GWU Counting for Dollars, Census-Informed Federal Program Funds

By Bert Granberg  |  September 18, 2017

At least a couple times a year, state GIS offices are apt to encounter some mention of the importance of the Census Bureau having the best possible GIS roads and address data from their state, as the Bureau prepares for its next decennial census count.

Click to open an interactive map of the Counting for Dollars dataThe argument goes like this...

  1. Better road and address data gives a state the best chance for the Bureau achieving a full count of its residents, and 
  2. On a per capita basis, per year, billions of dollars in federal program funding are determined by formulas that use state population and other census-derived demographic data, so,
  3. There is a bit of a zero-sum-game at work, the fuller your state’s count of residents, the more of its rightful, equitable share will be received from these programs. 

Last month, Professor Andrew Reamer of the George Washington University Institute of Public Policy, published an analysis of 16 large federal programs that utilize Census-derived datasets to set state funding levels, with details on the methodology used, and (a drum roll please), specific data for each program and state. In the study, titled Counting for Dollars 2020: The Role of the Decennial Census in the Geographic Distribution of Federal Funds, the per capita totals across the 16 programs that were examined were certainly not linear with respect to population, ranging from a high of $4,583 (DC) to a low of $1,086 (UT, what?!) with a national average of $1,838 (US).

This is important work as it ‘daylights’ supporting info for those anecdotal mentions that tie federal funding to complete count efforts and thereby the importance of building and sharing complete, up-to-date GIS data with Census in a manner that will best coincides with the preparation and field work for 2020. It is recommended that you be very careful in making conclusions about this data and take time to understand the methods (project slides ) and notes, including this disclaimed warning for the per capita state totals: "It does not indicate the amount by which federal funding increases for each additional person counted."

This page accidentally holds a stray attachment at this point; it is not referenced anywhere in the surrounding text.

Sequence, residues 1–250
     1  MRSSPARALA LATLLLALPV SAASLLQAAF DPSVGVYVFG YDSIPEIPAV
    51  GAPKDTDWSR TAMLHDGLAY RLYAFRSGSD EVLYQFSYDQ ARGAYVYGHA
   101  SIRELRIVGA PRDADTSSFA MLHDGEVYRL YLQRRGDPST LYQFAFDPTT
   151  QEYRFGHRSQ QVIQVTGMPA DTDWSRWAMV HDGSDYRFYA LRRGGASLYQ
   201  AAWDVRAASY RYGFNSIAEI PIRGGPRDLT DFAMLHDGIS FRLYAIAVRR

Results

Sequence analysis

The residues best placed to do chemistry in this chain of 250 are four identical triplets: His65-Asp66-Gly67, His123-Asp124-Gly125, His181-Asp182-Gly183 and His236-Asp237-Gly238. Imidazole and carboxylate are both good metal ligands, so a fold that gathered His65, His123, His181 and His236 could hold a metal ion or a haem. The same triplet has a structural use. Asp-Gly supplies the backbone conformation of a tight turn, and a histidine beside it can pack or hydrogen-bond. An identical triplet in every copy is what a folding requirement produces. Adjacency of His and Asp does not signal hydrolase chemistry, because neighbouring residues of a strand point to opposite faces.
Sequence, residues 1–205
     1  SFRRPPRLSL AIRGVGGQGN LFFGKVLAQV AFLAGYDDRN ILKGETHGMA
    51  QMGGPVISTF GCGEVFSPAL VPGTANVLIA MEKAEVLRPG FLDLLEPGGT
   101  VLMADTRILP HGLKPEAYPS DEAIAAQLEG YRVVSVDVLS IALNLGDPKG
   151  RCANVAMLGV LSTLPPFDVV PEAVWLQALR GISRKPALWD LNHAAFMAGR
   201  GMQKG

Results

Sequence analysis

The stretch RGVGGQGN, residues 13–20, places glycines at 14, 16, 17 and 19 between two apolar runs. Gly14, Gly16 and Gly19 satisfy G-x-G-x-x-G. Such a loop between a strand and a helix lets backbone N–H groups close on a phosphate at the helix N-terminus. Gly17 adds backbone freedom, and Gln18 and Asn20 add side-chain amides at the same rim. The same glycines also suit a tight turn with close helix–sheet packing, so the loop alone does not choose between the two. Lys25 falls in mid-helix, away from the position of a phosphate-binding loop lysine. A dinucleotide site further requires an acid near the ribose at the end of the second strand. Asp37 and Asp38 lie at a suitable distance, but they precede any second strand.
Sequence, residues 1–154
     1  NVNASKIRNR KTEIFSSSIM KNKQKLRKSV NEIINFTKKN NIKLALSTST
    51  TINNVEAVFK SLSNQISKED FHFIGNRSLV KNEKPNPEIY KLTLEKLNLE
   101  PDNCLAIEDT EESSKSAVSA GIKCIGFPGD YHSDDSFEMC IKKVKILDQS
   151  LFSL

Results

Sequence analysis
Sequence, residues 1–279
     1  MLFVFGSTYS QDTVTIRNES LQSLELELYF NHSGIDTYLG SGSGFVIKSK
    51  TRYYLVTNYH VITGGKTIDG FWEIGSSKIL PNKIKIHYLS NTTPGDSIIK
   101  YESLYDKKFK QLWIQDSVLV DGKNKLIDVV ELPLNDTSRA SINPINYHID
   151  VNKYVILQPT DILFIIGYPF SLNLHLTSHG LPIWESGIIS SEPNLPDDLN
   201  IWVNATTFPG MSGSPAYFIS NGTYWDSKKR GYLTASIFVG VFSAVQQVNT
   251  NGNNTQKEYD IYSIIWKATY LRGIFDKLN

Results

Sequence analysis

Click to open a google sheets table of the Counting for Dollars dataI encourage you all to read and, as appropriate, to cite the study directly from its source, but to enhance the accessibility of the results of Professor Reamer’s work, we've put the data into a machine readable Google Docs spreadsheet table and an interactive map (ArcGIS Online). Neither require an login to view and use.

In the interactive map, you can use the 'Filter' and 'Change Style' functions below the layer name (left side map nav) to view any of the 16 program funding categories. In the Google spreadsheet, total funding, per capita funding, and state rank are provided for each of the 16 programs. These different views into the data are accessible from the 'Sheet' tabs at the bottom left of the doc. The per capita numbers in the tables and maps may be slightly different that what is presented by GWU, likely to due to rounding issues.

This is very interesting data. It's hard not to explore the funding ranges and disparities, by state, and by program. In addition to population, socio-economic factors like age, household income and composition are clearly playing a role. State adoption of Medicaid expansion under the ACA is probably also a very significant factor in the overall totals and ranks. And, the geographic size of a state's road network relative to its population certainly looks to be a factor for federal highway funding.

Special thanks to our AGRC intern and University of Utah student, Emerson Pratt, for compiling the spreadsheet view of the GWU data.